Central government approval ends limbo, welcomes Obama
November 03, 2009
By Steven Schwankert and Jonathan Landreth
The Hollywood Reporter
BEIJING–China’s central government finally gave The Walt Disney Co. the green light to build a new theme park in Shanghai’s Pudong district, after the project spent years in limbo, the company said late Tuesday.”China is one of the most dynamic, exciting and important countries in the world, and this approval marks a very significant milestone for The Walt Disney Company in mainland China,” Robert Iger, president and CEO, said in a statement.The Shanghai park will join Hong Kong Disneyland to become Disney’s second in China and third in Asia, counting Tokyo Disneyland. The move is seen in part as a nod to U.S. President Barack Obama, who, with a large U.S. trade delegation, makes his first visit to China in mid-November.
Lack of Beijing’s central government approval had been a major stumbling block for much of the last decade as Disney sought to build a park in Shanghai — China’s largest and wealthiest city, where nearly 17 million residents have the country’s highest per capita nominal GDP, $3,264 in 2008, as compared with $46,714 in the U.S.
Despite years of effort and a gradual opening amid rapid growth in China’s economy, companies like Disney — which employs 600 people in China — Time Warner and News Corp have little to show for their efforts in this country, where the government strongly controls the activities of foreign media companies trying to operate in its nascent marketplace.
The Shanghai Disney park was first dreamt up in 1990 by former Chinese Premier Zhu Rongji, then the city’s mayor, after he visited Disneyland in California. Nearly 20 years later, a Shanghai park could bring thousands of jobs to the city in a time of recession.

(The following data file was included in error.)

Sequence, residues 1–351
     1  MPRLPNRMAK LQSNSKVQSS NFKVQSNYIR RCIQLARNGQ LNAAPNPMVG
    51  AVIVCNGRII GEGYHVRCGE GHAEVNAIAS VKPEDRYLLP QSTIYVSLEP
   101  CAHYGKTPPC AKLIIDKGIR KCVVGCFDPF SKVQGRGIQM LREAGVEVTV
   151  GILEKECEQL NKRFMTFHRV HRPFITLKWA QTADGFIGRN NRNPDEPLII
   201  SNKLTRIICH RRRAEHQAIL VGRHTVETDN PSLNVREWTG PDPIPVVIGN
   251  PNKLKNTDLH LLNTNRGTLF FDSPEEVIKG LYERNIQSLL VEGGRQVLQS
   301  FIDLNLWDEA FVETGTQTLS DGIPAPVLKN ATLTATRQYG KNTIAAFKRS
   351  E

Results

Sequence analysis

Despite strong efforts by Disney, the park and its massive investment — reported to be about $3.6 billion — did not come with any concession on the television front, where Disney is limited in China to roughly 12 hours each week of “Mickey Mouse Clubhouse” programming on local stations.
Following Beijing’s approval of Disney’s Project Application Report, the city of Shanghai and Disney’s Parks and Resorts division, led by Jay Rasulo, must still work out more details on the park, said a Disney spokeswoman in Hong Kong.
“Essentially the PAR approval represents one milestone in the process,” she said. “The next stage enables us to proceed with detailed discussions with the Shanghai government to produce a final deal.” No further details were made available officially.
However, according to sources familiar with the negotiations who spoke on condition of anonymity, the park could take up to six years to complete, occupy as much as 1,700 acres of Pudong and be about 40% owned by Disney, The New York Times reported.
The remainder of the shares of the Shanghai park — which could eventually rival the size of Disney World in Florida — would be owned by a group of Chinese companies hand-picked by the government, The Times said.
The Shanghai park, set to be situated between the Pudong Airport and downtown Shanghai, will feature a “Magic-Kingdom” style, in keeping with its cousins in Asia, the U.S. and France, a spokesperson in Hong Kong said. It will also have Chinese characteristics as a “part of the localization process that is a part of the deal,” she said.